WP2 - Evapotranspiration

Objectives
1. To measure evapotranspiration and energy fluxes at different scales and for different surface types using eddy correlation, scintillometry and remote sensing.

2. To analyze the effect of scale on estimation of evapotranspiration by combining multi-scale measurements, from ground measurements to airborne and satellite remote sensing sensors, including the land surface state variables that play a role in the energy fluxes (albedo, leaf area index, etc)

3. To increase the understanding of the linkage between evapotranspiration and climate change.

4. To estimate the evaporative flux over the catchment area.

Work content
Task 1: Eddy correlation measurements
Three micrometeorological eddy covariances flux stations were established to obtain the most accurate measure of evapotranspiration and energy balance for three sites representing the main land-use types. Measurements have been running since they were established in 2008, thus providing information on both the geographical and interannual variability and will to an increasing extent be used for modeling and scaling of exapotranspiration to the entire catchment.

Data are processed using the Alteddy software (Wageningen University and Research Centre, The Netherlands).

Task 2: Vegetation specific potential evapotranspiration
The most appropriate methods to assess crop specific evapotranspiration will be studied and tested at different scales. Project-data as well as standard meteorological data and data on surface characteristic will be utilized. ‘Transfer functions’, which relate meteorological data to net radiation and reference evapotranspiration to crop specific potential evapotranspiration, will be developed.

Task 3: Remote sensing based estimation of evapotranspiration
Sensible and latent heat fluxes (evapotranspiration) will be estimated by means of different remote sensing dataset. The models used are based on the physically based Two Source Energy Balance Model (TSEB), which partitions the fluxes into soil and canopy (soil evaporation and canopy transpiration).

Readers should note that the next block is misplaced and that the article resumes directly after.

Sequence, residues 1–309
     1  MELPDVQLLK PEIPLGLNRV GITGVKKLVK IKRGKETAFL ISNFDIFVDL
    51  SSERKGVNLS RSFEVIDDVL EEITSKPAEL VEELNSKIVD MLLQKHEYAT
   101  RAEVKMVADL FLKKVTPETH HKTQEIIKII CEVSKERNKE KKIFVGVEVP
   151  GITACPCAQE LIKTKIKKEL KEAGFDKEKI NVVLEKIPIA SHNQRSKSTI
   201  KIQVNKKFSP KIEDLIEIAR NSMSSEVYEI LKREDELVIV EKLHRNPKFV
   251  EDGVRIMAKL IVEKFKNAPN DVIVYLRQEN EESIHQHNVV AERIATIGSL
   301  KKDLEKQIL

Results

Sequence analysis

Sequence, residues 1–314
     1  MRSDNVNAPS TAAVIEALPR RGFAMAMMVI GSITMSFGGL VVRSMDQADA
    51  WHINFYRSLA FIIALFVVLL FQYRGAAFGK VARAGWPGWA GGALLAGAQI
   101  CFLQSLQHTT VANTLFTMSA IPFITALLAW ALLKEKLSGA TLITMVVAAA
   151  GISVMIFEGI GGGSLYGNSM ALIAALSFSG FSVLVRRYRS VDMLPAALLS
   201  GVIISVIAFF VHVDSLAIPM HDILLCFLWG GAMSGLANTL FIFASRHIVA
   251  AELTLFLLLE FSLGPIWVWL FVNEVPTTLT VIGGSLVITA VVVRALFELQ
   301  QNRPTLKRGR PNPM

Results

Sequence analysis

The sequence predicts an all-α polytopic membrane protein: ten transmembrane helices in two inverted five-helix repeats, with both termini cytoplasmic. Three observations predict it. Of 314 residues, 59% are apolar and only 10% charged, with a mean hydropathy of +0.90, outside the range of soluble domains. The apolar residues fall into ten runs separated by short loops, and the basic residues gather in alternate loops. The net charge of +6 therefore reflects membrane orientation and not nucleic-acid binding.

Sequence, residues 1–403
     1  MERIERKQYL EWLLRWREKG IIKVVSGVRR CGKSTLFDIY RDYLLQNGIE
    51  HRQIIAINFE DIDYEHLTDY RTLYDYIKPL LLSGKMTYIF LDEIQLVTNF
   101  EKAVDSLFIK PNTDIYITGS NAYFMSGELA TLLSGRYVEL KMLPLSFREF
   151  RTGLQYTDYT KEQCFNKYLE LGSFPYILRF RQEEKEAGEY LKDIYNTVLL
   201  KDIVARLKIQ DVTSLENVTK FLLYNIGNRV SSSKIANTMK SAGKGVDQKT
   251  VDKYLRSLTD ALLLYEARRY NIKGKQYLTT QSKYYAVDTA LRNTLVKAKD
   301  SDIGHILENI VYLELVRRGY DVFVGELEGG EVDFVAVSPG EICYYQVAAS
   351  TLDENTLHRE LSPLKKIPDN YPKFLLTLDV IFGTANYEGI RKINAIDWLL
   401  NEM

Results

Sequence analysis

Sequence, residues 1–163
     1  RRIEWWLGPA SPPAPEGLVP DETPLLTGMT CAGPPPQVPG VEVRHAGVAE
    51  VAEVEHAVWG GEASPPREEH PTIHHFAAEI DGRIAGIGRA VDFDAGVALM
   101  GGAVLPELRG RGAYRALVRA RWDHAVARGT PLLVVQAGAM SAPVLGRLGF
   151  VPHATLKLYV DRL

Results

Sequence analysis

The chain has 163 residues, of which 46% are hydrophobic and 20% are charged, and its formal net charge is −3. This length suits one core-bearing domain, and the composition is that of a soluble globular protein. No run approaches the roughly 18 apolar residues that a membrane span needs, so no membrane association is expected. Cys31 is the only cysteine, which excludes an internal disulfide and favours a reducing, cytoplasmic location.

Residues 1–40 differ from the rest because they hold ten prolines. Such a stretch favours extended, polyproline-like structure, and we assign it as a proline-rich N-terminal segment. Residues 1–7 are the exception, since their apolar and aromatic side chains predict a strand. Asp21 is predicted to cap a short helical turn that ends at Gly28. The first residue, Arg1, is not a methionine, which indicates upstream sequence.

Data from different satellite sensors with varying viewing and spectral characteristics will be compared and evaluated for the evapotranspiration modeling. The different approaches will exploit different remote sensing platforms, such as TERRA and AQUA MODIS, for the assessment of the morning temperature rise, and ENVISAT AATSR to assess directional effects on Land Surface Temperature and the retrieval of canopy and soil temperatures.

The results will be related to the approaches used for remote sensing of soil moisture described in WP3 and will be essential for the regionalization of evapotranspiration. The data and results from the eddy correlation masts and the scintillometer are essential for the validation of the remote sensing algorithms and serve as a basis for improving the remote sensing methods.

Task 4: Regionalization of evapotranspiration
Upscaling of evapotranspiration from plot, field to regional scale, will be done based on remote sensing data in a multi-platform approach. Data from high spatial resolution as airborne data and Landsat and ASTER to coarse resolution (MODIS and AATSR) will be utilized to assess not only the estimated fluxes, but also the retrieved surface state variables, such as surface albedo, leaf area index, soil moisture or land surface temperature and emissivity.

It will be addressed how the different surface types affect evapotranspiration and the effect of the sensor resolution will be analyzed. By using the information from the three eddy-correlation masts together with ground remote sensing sensor, a study of the evapotranspiration from three different surface types will feed into a general framework for assessment of area integrated evapotranspiration based on standard meteorological observations. The satellite derived evapotranspiration can support up-scaling to the entire catchment.

Task 5: Partitioning of evapotranspiration
Direct measurements of the partitioning of forest evapotranspiration into transpiration, interception evaporation, and moss evaporation. Identification of strengths and weaknesses in sub-process description in current hydrological surface models by comparison with measurements. Please refer to the publication list for literature on the detailed results.

Task 6: Field work activities
To support all the above mentioned tasks, intensive field campaigns will be systematically carried out during the growing season as well as coincident with specific airborne remote sensing campaigns. Both destructive and non-destructive sampling will be carried out to obtain field information about leaf area index, plant height, fraction of green vegetation, vegetation water content, as well as chlorophyll content and photosynthetic activity, in coordination with WorkPackage 6 (Greenhouse gasses).

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